Ten infants with EA and other multiple malformations did not met the criteria for VACTERL diagnosis. Seven of them (70%) showed non-VACTERL-type anomalies with similar percentages compared with our VACTERL population. The SUA malformation was the most common non-VACTERL-type anomaly found in our population, with a percentage of 20% in VACTERL infants and 20% in infants with EA and other malformations. Other studies reported frequency ranges from 8 to 70% [6, 21, 23, 24], supporting the opportunity to extend the acronym with the letter S (VACTERLS), in spite of including it in the vascular anomalies (V) [2]. Another non-VACTERL-type anomaly which is frequently observed in VACTERL patients is duodenal atresia (8,9% [21], 8% [23, 24]), which has been reported in 1 of our VACTERL-patients (6,6%) and 2 (20%) of our infants with EA and other malformations. Two VACTERL newborns (13,3%) presented cleft palate, comparing with 4,4% [21] and 13,2% [15] of other studies. Two newborns (13,3%) showed genital abnormalities (undescended testis and micropenis) against the 7,8% reported in literature [21]. Even the abnormalities of the fingers (ectrodactyly with duplication and/or aplasia of phalanges) are found in 20% of patients with EA associated with other non-VACTERL-type malformations and in the 13,3% of VACTERL infants. We have noticed the presence of venous malformations such as ectasies, dilatation or thrombosis, mainly involving the portal vein, vena cava or azygos vein in 20% of infants with EA and multiple malformations and in 6,6% of VACTERL-patients, percentages similar to those reported in the literature (7,7% [21]). We found abnormalities in the nervous system (such as ventriculomegaly, microcephaly, coloboma and microphthalmia) in 3 neonates (20%) with VACTERL association and 1 (10%) with EA and multiple malformations, according to other reports in the literature [21]. Hypothyroidism was present in 2 infants (20%) with EA and multiple malformations and respiratory system anomalies in 1 newborn (10%) with EA and multiple malformations and in 1 (6,6%) with VACTERL association. Finally, we found lower limb anomalies in 1 neonate (6,6%) with VACTERL association.

It is interesting to point out that between the two initially disjointed groups, VACTERL-patients with full phenotype and infants with EA and multiple malformations, there are several overlapping data, both for the most typical malformations associated with EA and for the non-VACTERL-type anomalies. On these bases, we can actually define three clusters of patients (Figure 2), identifying an additional subgroup with patients who do not show a full phenotype, therefore do not meet the classic diagnostic criteria but differ from infants having an EA associated only with non-VACTERL-type defects (Table 3, Figure 3). There 6 patients, presenting only two of the major components of the acronym VACTERL, can be considered at the extreme border of the VACTERL spectrum and can be defined as having a partial phenotype (Figure 4).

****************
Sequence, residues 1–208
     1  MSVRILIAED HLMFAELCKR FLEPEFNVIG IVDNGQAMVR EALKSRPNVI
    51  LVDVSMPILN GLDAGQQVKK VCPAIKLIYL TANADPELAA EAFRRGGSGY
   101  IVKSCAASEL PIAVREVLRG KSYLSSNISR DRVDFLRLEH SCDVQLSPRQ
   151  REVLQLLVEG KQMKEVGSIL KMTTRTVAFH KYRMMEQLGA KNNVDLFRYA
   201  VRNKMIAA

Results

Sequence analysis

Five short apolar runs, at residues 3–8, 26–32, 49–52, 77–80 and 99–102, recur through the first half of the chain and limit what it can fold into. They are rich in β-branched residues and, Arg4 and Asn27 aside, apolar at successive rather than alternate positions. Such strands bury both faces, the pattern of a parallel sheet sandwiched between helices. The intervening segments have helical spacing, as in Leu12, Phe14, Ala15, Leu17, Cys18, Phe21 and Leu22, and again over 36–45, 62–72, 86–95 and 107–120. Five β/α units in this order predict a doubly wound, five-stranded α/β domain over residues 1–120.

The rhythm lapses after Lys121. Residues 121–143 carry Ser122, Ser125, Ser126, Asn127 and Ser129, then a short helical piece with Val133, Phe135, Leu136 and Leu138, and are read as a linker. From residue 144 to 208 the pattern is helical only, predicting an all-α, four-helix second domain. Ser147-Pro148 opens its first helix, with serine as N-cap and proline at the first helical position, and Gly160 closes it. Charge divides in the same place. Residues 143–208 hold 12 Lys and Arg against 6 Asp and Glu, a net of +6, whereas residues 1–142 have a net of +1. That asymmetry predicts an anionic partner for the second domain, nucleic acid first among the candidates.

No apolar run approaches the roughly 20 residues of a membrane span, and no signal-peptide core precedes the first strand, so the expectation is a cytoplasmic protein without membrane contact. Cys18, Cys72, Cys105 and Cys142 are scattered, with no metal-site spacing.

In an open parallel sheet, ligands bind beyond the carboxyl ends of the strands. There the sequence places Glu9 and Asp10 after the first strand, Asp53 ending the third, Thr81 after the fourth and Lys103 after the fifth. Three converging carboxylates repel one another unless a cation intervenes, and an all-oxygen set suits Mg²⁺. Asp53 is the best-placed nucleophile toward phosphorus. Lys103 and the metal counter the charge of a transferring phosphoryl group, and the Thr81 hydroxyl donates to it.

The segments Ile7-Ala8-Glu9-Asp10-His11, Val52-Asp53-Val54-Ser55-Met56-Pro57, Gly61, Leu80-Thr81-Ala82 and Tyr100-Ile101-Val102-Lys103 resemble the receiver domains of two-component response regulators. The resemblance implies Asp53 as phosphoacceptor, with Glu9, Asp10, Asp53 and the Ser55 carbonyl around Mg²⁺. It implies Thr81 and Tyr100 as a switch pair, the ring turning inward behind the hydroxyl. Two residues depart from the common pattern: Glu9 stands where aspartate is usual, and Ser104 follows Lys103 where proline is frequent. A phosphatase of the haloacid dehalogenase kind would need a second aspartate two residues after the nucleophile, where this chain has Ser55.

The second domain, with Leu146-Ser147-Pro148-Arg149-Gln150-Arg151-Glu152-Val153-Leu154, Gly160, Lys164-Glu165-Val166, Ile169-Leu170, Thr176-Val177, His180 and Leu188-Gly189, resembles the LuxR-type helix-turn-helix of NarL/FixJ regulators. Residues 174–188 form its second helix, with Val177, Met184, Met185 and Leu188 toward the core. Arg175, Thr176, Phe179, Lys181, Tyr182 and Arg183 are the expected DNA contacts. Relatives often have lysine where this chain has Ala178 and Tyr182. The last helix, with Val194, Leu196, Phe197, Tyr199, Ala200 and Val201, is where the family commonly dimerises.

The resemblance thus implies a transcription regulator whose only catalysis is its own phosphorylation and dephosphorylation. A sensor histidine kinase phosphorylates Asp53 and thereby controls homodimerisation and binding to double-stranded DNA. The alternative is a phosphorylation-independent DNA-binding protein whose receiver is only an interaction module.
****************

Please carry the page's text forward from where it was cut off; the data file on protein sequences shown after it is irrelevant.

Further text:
Figure 2
figure 2

Partition of patients in three groups. Identification of three clusters of patients: VACTERL full phenotype, VACTERL partial phenotype and EA with only non-VACTERL-type defects.

Table 3 VACTERL-type and non-VACTERL-type malformations in three clusters of our cohort
Figure 3
figure 3

Comparison between patients with VACTERL full phenotype and VACTERL partial phenotype. There are several overlapping data for the typical VACTERL malformations. V, vertebral anomalies; A, anal atresia; C, cardiovascular anomalies; TE, tracheoesophageal fistula and/or esophageal atresia; R, renal anomalies; L, limb anomalies.

Figure 4
figure 4

Flow-chart showing patient group composition.

Given that the etiology of VACTERL association is still unknown, the diagnosis is only possible evaluating the phenotypical features, thanks to a good skilled physician. Consequently, these infants with partial phenotype may still belong to the VACTERL association, even though they present a limited clinical spectrum. Analyzing data showed in Additional file 1 it is possible to note the wide spectrum that characterizes patients from the most expressed phenotype to the most restricted one. It is questionable how to split these patients in groups with different prognosis and follow-up schedules. Waiting for more informative molecular-genetic data, it is necessary to avoid restriction of clinical criteria for recruitment, including SUA in the acronym (as already suggested by other authors [8]) and considering other structural abnormalities frequently associated, thus expanding the phenotypic continuum that characterizes the VACTERL association.

It is remarkable to consider that all defects observed in the VACTERL association spectrum, including EA, and most of the non typical associated anomalies take place during the blastogenetic period, the first 4 weeks after conception, in which the embryo is a single developmental field. Most of the associations depends on blastogenetic defects and may show a partial phenotypical overlapping affecting predominantly midline, independently from the etiological basis, due to the common timing and pathogenetic mechanism [11].


Many associated anomalies may be present in a patients with EA/TEF, which therefore need to be carefully investigated. These complex clinical pictures may represent a recognizable pattern of multiple malformations such as chromosomal or genetic syndromes or associations, mainly VACTERL association. Sometimes a recognizable malformation pattern is not present. The high frequency of non-VACTERL-type anomalies encountered in “full” and “partial” phenotype patients would suggest the need for an extension of the classical clinical criteria. All these patients, with high phenotypical variability, likely belong to a common wide clinical spectrum and is today very difficult to differentiate clearly distinct groups until more molecular genetic etiologic informations are available. More detailed clinical definition is important to start a proper short and long term follow-up, even in infants with EA/TEF without other VACTERL-type anomalies. The better definition of the extended phenotypical spectrum in VACTERL association allows a more complete diagnostic screening in order to detect even hidden or mild associated malformations, providing a more defined prognosis and follow-up program for the newborn. Future improvements in molecular genetic etiology should allow to assess a genotype-phenotype correlation for such an extended and variable clinical spectrum.